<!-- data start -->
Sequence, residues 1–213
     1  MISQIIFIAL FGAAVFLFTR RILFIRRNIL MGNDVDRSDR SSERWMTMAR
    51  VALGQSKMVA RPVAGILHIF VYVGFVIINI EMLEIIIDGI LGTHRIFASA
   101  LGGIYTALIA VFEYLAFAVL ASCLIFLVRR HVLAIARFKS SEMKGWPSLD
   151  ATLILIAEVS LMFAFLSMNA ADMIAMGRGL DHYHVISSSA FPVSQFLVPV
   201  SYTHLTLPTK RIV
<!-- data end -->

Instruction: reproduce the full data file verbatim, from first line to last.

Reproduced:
Sequence, residues 1–213
     1  MISQIIFIAL FGAAVFLFTR RILFIRRNIL MGNDVDRSDR SSERWMTMAR
    51  VALGQSKMVA RPVAGILHIF VYVGFVIINI EMLEIIIDGI LGTHRIFASA
   101  LGGIYTALIA VFEYLAFAVL ASCLIFLVRR HVLAIARFKS SEMKGWPSLD
   151  ATLILIAEVS LMFAFLSMNA ADMIAMGRGL DHYHVISSSA FPVSQFLVPV
   201  SYTHLTLPTK RIV